What penalties if any are incurred by those who attended the fake ordination in support of these women as witnesses? Thanks.

  18. Dan says:

    I personally feel discriminated against because of that silly little law that says that one must have a license to practice medicine.

    I wonder if any of these priestesses would allow me to practice medicine on them.

  19. Brian Day says:

    Fr. Powell,

    My apologies for not being clear. I know that the “ordinations” are invalid – period. The first poster, Austin, asked about whether or not this soon to be named deceased Bishop would be disinterred.

    My response was partially a response to Austin and a comment on the womenpriest strategy. I doubt that the Bishop would be disinterred on the word of these women without the ability of the Bishop to refute the charges. Plus the the womenpriests can claim that Bishop ‘X’ consecrated women bishops without the ability of Bishop X to deny/refute the claims. It’s a “perfect” strategy for the womenpriests. I am sorry that the sarcasm of the original post did not come through. Sorry.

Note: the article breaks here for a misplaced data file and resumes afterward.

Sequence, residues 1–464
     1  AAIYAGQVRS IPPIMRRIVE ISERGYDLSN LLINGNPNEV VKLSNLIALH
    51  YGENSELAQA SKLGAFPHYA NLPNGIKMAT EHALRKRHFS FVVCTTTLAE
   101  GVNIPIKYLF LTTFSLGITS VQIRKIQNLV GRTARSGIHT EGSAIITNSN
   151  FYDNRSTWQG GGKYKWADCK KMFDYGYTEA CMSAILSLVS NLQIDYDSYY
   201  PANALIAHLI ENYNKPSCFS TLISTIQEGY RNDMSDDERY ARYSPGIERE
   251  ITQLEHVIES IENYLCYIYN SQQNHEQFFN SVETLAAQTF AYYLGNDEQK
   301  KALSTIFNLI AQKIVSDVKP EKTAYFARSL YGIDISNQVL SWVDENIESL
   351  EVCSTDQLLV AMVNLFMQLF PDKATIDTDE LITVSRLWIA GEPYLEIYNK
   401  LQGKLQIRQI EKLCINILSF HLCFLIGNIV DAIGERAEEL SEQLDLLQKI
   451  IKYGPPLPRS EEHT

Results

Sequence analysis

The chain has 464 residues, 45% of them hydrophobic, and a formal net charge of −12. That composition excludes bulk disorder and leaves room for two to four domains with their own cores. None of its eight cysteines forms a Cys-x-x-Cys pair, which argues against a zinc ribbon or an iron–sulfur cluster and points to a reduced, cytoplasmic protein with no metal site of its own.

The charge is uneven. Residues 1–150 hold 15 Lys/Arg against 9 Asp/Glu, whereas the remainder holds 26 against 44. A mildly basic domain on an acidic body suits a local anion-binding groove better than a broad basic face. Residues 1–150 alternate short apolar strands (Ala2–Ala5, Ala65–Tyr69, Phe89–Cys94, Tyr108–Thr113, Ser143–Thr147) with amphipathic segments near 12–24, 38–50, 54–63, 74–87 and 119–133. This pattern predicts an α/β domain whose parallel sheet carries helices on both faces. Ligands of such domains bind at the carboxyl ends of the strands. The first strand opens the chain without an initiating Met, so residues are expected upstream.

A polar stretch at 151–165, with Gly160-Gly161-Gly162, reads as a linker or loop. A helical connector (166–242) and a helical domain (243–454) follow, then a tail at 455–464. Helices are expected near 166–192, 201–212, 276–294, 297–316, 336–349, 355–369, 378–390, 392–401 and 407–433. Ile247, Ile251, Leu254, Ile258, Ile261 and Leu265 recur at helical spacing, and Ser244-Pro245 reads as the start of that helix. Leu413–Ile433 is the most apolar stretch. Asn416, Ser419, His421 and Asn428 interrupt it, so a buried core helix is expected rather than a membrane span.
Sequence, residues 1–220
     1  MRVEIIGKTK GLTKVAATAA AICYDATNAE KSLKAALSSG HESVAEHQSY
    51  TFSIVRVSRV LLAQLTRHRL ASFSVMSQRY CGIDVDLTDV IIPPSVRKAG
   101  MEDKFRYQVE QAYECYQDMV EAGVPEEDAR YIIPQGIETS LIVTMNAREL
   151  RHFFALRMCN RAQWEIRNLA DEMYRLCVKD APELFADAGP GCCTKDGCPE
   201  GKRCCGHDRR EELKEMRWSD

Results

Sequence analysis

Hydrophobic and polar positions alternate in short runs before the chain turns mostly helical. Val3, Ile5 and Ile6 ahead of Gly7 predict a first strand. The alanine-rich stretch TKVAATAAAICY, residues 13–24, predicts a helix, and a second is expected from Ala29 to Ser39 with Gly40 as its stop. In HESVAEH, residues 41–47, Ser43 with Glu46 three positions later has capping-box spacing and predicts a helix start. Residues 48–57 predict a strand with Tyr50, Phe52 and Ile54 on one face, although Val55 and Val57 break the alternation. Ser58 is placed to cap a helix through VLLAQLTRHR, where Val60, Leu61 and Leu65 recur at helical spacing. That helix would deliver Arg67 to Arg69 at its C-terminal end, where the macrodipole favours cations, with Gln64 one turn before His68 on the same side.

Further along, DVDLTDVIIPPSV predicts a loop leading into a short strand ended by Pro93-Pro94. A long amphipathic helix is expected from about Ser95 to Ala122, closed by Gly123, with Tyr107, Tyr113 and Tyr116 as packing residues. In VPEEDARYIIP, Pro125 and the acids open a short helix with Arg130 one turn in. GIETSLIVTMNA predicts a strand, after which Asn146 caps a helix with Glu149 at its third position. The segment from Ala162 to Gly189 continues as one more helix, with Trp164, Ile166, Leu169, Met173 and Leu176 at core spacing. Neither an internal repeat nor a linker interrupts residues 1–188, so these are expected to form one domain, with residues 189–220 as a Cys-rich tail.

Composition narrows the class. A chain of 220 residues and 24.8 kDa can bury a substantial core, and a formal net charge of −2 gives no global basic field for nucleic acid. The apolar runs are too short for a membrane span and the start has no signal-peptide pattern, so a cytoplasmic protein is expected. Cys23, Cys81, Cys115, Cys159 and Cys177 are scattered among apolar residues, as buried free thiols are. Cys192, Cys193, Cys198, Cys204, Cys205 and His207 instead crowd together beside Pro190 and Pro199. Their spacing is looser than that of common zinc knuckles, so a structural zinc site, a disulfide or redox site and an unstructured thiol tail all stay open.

20. PMcGrath says:

    C.J. Doyle, of the Catholic Action League of Massachusetts, called the ceremony “a sacrilegious parody of Holy Orders conducted at a Protestant church by a collection of apostates misappropriating the Catholic name.” … [Perhaps this fellow should be the spokesman for the Archdiocese of Boston!]

    Only a spokesman? Heck, he should be Archbishop of Boston. Or Archbishop or Bishop of someplace in this country. Oh well. The chances are he’s probably married, or at very least an unordained layman, so such an appointment would be unlikely. Still, one can hope.

  21. Chironomo says: